Gastrointestinal (GI) Tract: Overview, Immune Defense, Blood Flow

Food covering the body's energy and nutrient requirements p. 228ff.) must be swallowed, processed and broken down (digestion) before it can be absorbed from the intestines. The three-layered GI musculature ensures that the GI contents are properly mixed and transported. The passage time through the different GI segments varies and is largely dependent on the composition of the food (see A for mean passage times).

Solid food is chewed and mixed with saliva, which lubricates it and contains immunocompetent substances (see below) and enzymes. The esophagus rapidly transports the food bolus to the stomach. The lower esophageal sphincter opens only briefly to allow the food to pass. The proximal stomach mainly serves as a food reservoir. Its tone determines the rate at which food passes to the distal stomach, where it is further processed (chyme formation) and its proteins are partly broken down. The distal stomach (including the pylorus) is also responsible for portioning chyme delivery to the small intestine. The stomach also secretes intrinsic factor (^ p. 90).

In the small intestine, enzymes from the pancreas and small intestinal mucosa break down the nutrients into absorbable components. HCO3- in pancreaticjuices neutralizes the acidic chyme. Bile salts in bile are essential for fat digestion. The products of digestion (monosaccharides, amino acids, dipeptides, monoglycerides and free fatty acids) as well as water and vitamins are absorbed in the small intestine.

Waste products (e.g. bilirubin) to be excreted reach the feces via bile secreted by the liver. The liver has various other metabolic functions. It serves, for example, as an obligatory relay station for metabolism and distribution of substances reabsorbed from the intestine (via the portal vein, see below), synthesizes plasma proteins (incl. albumin, globulins, clotting factors, apolipoproteins etc.) and detoxifies foreign substances (biotransformation) and metabolic products (e.g., ammonia) before they are excreted.

The large intestine is the last stop for water and ion absorption. It is colonized by bacteria and contains storage areas for feces (cecum, rectum).

Immune defense. The large internal surface area of the GI tract (roughly 100 m2) requires a very effective immune defense system. Saliva contains mucins, immunoglobulin A (IgA) and lysozyme that prevent the penetration of pathogens. Gastric juice has a bactericidal effect. Peyer's patches supply the GI tract with immunocompetent lymph tissue. M cells (special membranous cells) in the mucosal epithelium allow antigens to enter Peyer's patches. Together with macrophages, the Peyer's patches can elicit immune responses by secreting IgA (^ p. 98). IgA is transported to the intestinal lumen by transcytosis (^ p. 30). In the epithelium, IgA binds to a secretory component, thereby protecting it from digestive enzymes. Mucosal epithelium also contains intraepithelial lymphocytes (IEL) that function like T killer cells (^ p. 98). Transmitter substances permit reciprocal communication between 1EL and neighboring enterocytes. Macrophages of the hepatic sinusoids (Kupf-fer's cells) are additional bastions of immune defense. The physiological colonies of intestinal flora in the large intestine prevent the spread of pathogens. IgA from breast milk protects the GI mucosa of neonates.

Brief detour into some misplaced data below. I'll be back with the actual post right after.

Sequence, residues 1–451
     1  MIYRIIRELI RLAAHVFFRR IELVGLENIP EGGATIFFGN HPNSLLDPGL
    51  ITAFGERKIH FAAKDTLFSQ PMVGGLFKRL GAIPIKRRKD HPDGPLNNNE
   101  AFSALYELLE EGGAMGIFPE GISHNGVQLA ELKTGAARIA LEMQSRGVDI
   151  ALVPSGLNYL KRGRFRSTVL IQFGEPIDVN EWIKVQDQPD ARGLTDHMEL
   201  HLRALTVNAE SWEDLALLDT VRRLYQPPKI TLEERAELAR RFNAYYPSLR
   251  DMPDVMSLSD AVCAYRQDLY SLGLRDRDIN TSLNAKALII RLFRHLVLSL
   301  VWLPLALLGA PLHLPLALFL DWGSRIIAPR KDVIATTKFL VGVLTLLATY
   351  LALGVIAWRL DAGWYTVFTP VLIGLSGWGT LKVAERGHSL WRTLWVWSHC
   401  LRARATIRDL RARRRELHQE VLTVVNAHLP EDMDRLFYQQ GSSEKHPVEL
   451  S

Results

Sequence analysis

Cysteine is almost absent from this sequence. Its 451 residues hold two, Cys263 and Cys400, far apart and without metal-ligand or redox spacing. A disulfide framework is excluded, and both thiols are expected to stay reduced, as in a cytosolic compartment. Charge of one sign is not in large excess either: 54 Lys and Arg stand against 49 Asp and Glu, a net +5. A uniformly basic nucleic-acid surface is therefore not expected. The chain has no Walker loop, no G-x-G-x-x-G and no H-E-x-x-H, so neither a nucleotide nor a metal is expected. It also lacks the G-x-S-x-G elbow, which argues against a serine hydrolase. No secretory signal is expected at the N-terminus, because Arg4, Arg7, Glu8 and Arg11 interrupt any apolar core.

Blood flow to the stomach, gut, liver, pancreas and spleen (roughly 30% of cardiac output) is supplied by the three main branches of the abdominal aorta. The intestinal circulation is regulated by local reflexes, the autonomic nervous system, and hormones. Moreover, it is autoregulatory, i.e., largely independent of systemic blood pressure fluctuations. Blood flow to the intestines rises sharply after meals (acetylcholine, vasoactive intestinal peptide VIP, etc. function as vasodilatory transmitters) and falls during physical activity (transmitters: norepinephrine, etc.). The venous blood carries substances reabsorbed from the intestinal tract and enters the liver via the portal vein. Some components of reabsorbed fat are absorbed by the intestinal lymph, which transports them to the greater circulation while bypassing the liver.

i— A. Function of gastrointestinal organs


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